On this day a year ago
On the blog 5 years ago
I agree, for once, with Janet Street-Porter. The whole thing has been overdone. Instead of a quiet, dignified series of events, a mass circus in which good taste and real respect has been —partly at least— left behind.
Tweets seen today
At last the Russian high command is starting to think truly tactically, meaning in this case obliquely.
It will be recalled that the Iraqi Army flooded large areas at one time, in the 1980s and later, both when fighting Iran and when fighting the “Allied forces” (USA, mainly).
I made that point a few days ago on the blog, citing the dictum of Clausewitz about how the ratio “moral” or morale vis a vis the “material” is 3:1.
We tend to forget that, though the southeastern part of Ukraine is a war zone, that does not mean that all areas suffer continuous fighting. Far from it. The Ukraine is about 3x the size of the UK, and nearly 5x the size of England. The southeastern parts known as the Donbass or Don Basin (Donetsk and Lugansk regions) are, together, about half the size of England.
From their foreign correspondents
“…the foreign media cover this long period of ceremonial mourning with less servility. Hardly any British media, for example, dared comment on King Charles III’s rude gesture of impatience during the acclamation.“
[Stefanie Bolzen, in Die Welt]
“...a new recession, heralded by galloping inflation – the real thief in the night for working-class people, has caught the government off guard, with a new PM who has everything to prove, having been elected by a small number of Conservative members.”
[Rafael de Miguel, in El Pais]
“The risk is always that the UK ends up not as Global Britain but Little England. This, too, would have been a nightmare for the Queen.”
[Antonello Guerrera, La Repubblica]
Pound sliding, inflation stoking, and recession likely
Still think that closing down the economy for almost 2 years (because a virus was supposedly killing one out of every thousand people, mostly aged and/or with serious pre-existing health problems), and while doling out “free” money to individuals and companies via “furlough” payments, grants, “loans” etc, was a good policy? Think again.
A delusionary time, but what happens once the funeral of the late Queen has been held?
The death of the late Queen, and the consequent ritual arrangements and spectacles, is occupying the msm in the UK to an almost (?) unprecedented extent.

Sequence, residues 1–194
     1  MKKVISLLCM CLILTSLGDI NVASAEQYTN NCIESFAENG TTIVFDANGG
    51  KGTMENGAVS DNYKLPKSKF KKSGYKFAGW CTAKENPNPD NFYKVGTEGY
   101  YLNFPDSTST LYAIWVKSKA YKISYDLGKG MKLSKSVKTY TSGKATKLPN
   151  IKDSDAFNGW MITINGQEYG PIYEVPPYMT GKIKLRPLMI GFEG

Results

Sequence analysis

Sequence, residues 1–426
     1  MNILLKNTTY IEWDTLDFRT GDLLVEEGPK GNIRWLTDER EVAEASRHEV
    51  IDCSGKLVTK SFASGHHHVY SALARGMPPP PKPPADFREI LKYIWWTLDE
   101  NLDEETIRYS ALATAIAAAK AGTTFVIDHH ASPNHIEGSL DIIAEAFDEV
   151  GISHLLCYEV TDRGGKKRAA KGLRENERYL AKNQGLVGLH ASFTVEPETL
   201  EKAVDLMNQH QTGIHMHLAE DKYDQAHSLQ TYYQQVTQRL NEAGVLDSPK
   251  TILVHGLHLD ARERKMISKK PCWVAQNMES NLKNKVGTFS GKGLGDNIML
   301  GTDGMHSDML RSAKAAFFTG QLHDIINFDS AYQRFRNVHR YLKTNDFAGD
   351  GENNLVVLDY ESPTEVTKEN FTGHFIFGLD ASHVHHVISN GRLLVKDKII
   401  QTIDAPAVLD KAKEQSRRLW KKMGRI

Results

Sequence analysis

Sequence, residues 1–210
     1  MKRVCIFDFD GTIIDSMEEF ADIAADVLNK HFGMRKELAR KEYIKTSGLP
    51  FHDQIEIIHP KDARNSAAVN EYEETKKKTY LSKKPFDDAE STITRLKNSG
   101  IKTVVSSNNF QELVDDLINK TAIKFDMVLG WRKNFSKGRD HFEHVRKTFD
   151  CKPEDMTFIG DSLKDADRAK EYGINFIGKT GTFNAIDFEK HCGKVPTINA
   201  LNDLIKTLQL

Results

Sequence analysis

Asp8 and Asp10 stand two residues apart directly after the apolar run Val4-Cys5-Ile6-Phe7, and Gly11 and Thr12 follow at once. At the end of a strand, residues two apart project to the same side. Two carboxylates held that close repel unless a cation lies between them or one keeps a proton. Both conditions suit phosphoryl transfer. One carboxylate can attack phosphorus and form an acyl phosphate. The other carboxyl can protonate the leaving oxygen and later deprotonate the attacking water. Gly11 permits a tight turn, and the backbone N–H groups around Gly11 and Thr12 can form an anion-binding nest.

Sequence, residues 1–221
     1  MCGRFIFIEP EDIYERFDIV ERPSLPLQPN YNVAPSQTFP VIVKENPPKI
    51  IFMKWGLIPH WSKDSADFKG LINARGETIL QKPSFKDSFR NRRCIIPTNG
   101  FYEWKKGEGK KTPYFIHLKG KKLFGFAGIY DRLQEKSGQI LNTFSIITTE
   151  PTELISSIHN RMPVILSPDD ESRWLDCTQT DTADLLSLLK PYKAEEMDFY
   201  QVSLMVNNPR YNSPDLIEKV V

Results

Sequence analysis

It may be that the Diana death hysteria of 1997, about which I have heard, and the Silver Jubilee of 1977, were similar; I cannot say, having been out of the UK when those two events occurred. In 1977, I was in Rhodesia, and in 1997 I was in Kazakhstan.
In fact, I only heard of the Diana incident 2-3 days after it happened, when I attended a regular Monday morning meeting at my office in Almaty, the then capital.
The British Embassy opened a book of condolence, and I was told by one of my Embassy contacts that, out of all the ~70 British residents (in the city) of which the Embassy was aware, I was the only one who had not signed (though not because I was hostile to Diana, but because of simple lack of interest).
My non-signing may have also been noted because, about 10 months previously, I had attended by invitation a royal reception at the Ambassador’s official Residence, where I had met and briefly chatted to Prince Charles, as he then was. Also, because I was at the Embassy quite often, at least a couple of times per week.
I have blogged in the past about how, on my return to London a few weeks later, friends told me about the collective psychosis (?) that had descended (on London at least), with pubs full of blubbing drinkers etc.
I am now thinking ahead to the day, or perhaps two or three days after the funeral of the late Queen (next Monday, 19 September 2022). What then?
We as a nation (insofar as Britain still is a nation) face huge economic problems, as well as ingrained social problems. The cloud of illusion all too obvious this week on TV, in the Press etc will blow away, and the country may come down to Earth with a very hard jolt.
The sentiment around the enormous queues going to see the late Queen’s coffin etc is somewhat illusory. The hundreds of thousands of people shuffling toward Westminster, or lining the Mall, are still only about 1% of the whole UK population. The vast majority, almost all in fact, seem to be English/British, i.e. white, and most (that I have seen in photos, on TV etc), are middle-aged or elderly.
This will all look very different in six months’ time.
Late tweets seen
“It is not the function of the police to patrol our minds“.
Hitchens knows it, I know it, most other people —I hope— know it, but the police themselves do not seem to know it, and neither does the Jew-Zionist lobby (which exercises far too much influence over some police forces), as witness my own experiences: https://ianrobertmillard.org/2017/07/13/when-i-was-a-victim-of-a-malicious-zionist-complaint/; and https://ianrobertmillard.org/2022/01/15/diary-blog-15-january-2022-including-an-outline-of-the-failure-of-the-latest-jew-zionist-attempt-to-prosecute-me/.